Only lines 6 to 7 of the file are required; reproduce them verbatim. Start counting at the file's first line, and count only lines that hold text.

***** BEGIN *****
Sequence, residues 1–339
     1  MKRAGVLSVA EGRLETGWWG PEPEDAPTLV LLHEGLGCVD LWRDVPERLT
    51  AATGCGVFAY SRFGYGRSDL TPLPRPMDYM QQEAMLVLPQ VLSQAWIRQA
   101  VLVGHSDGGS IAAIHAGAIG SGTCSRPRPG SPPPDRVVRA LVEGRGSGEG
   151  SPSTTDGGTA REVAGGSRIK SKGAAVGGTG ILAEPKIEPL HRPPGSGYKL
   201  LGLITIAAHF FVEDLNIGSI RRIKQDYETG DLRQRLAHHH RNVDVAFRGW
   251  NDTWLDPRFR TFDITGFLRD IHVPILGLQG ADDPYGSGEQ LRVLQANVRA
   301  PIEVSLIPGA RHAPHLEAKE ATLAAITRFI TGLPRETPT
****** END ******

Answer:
   201  LGLITIAAHF FVEDLNIGSI RRIKQDYETG DLRQRLAHHH RNVDVAFRGW
   251  NDTWLDPRFR TFDITGFLRD IHVPILGLQG ADDPYGSGEQ LRVLQANVRA